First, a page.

My Blogging Life
Hey, out there,
I’ve published two books since I first wrote a letter of introduction to my newly-hatched website. For me, this is a starting out-point caused mostly by the passage of time and the possibility of my sudden or protracted death. Now, I’m halfway through a new book I’m calling The Death of Santini in which I tell of my father’s miraculous turn-around after he retired from the Marine Corps. He loathed my depiction of him in The Great Santini, and he set out to prove me wrong by turning himself into something that was recognizably human. It’s the great surprise of my life that I ended up loving him so much. My brothers and sister, Kathy, are unloading their stories about Mom and Dad to me, and we all suffered in the house of Santini. My siblings do not all share my exalted affection for our mother, and I have not been shy about sharing their dissent. This causes me pain, but I’ve been writing about these two mismatched people for my whole life, so I need to get to some kind of conclusion about them, one that feels like the truth at last.
My sister, Carol Ann, remains a stranger to my life. I only see her at weddings and funerals – all of which she turns into personal nightmares for me– as you will one day read about. My sisters-in-law are so hysterical at the thought of reading about themselves and their poor, traumatized husbands that they have been treating me with far more kindness and respect than they could ever muster in the past. I tell them that they have nothing to worry about, but they know that I’ve lied before. (That’s a joke, girls.)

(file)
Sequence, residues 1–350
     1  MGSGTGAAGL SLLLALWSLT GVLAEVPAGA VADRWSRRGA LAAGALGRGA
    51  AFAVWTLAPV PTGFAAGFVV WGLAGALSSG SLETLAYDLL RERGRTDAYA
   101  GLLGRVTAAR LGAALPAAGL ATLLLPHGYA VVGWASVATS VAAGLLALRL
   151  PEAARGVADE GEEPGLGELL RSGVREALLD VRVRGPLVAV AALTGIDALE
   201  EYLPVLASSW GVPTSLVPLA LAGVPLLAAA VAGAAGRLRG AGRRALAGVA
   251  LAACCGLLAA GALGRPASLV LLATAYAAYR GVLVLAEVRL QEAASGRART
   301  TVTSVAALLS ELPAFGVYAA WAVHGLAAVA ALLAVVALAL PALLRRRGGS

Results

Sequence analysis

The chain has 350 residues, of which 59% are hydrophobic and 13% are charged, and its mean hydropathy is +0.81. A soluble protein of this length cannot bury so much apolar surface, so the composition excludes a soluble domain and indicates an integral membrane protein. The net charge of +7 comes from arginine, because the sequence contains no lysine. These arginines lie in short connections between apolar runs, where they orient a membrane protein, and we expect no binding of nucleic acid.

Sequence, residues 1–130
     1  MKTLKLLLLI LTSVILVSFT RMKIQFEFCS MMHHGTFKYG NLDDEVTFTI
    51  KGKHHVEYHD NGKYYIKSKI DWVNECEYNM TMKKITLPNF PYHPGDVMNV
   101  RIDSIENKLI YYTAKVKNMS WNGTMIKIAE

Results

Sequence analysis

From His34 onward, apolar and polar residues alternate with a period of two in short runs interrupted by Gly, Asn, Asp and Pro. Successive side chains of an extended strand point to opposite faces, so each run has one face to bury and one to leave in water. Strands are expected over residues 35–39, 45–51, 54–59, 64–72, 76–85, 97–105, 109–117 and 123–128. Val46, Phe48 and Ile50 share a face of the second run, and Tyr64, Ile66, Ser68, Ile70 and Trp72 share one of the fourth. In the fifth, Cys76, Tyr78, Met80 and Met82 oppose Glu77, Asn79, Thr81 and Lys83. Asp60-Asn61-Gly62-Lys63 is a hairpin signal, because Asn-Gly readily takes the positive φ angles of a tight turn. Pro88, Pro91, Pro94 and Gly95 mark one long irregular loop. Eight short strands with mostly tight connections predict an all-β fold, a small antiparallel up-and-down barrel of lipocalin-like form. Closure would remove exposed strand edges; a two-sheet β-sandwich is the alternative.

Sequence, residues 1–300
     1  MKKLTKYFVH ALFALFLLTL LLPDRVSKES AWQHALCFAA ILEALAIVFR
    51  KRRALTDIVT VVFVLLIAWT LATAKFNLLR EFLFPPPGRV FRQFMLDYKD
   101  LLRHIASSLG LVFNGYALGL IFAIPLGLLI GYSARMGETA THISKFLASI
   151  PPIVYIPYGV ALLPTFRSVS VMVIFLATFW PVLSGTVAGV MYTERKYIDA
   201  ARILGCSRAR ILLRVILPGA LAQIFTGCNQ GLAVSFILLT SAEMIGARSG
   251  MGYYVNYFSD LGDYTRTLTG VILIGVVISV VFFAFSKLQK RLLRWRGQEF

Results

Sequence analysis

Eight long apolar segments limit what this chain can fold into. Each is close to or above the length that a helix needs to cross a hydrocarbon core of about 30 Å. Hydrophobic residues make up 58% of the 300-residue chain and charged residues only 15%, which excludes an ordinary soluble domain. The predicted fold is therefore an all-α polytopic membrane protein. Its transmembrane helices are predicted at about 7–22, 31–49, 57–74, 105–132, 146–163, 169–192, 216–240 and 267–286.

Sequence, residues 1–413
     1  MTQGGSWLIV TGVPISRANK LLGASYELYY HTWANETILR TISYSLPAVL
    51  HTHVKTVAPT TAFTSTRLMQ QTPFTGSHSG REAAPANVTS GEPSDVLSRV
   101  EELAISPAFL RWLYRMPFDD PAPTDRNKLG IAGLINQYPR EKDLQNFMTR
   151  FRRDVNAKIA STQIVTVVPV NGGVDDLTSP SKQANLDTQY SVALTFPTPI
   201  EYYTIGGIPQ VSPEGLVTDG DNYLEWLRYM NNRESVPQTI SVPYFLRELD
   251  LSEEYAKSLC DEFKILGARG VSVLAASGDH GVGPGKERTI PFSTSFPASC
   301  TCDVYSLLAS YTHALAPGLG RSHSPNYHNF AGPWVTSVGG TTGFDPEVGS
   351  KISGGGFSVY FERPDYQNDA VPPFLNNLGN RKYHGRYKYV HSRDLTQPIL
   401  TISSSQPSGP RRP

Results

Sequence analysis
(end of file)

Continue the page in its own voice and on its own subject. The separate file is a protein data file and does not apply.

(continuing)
In the late nineties I was diagnosed with an incurable neurological disorder known as “writer’s cramp.” Though I laughed out loud when the doctor gave me this diagnosis, the humor of it faded in short order. It’s the same disease that Henry James developed, and it sent him to a recording device to speak his novels into a machine and have them transcribed. In my opinion this did not help the later novels much, and I can’t pick up The Golden Bowl or The Princess Cassmissa without choking on the runaway elaborations of his spoken novelistic voice.
So I did not buy a tape recorder or invest in a computer that operates by voice recognition as the supremely gifted writer Richard Powers did. Instead, I did wrist exercises and managed to write on my “good days,” read on the bad ones. The main thing that changed was that I rarely wrote in my journals at all. I could not afford to sacrifice my writing life to the luxury of journal keeping when there were more novels to write. I checked out the “blog” world, blog being the ugliest word to emerge out of the “wired” universe so far. But I thought I’ve got this website that I barely use, and it’s being watched over by a baleful webmaster, Mihai (Michael) Radulescu, who hails from Romania where Vlad the Impaler and Count Dracula once left their marks. I’ll make an effort to keep this journal until I decide to abandon it and return happily to my unjournaled life.
Great Love, Pat Conroy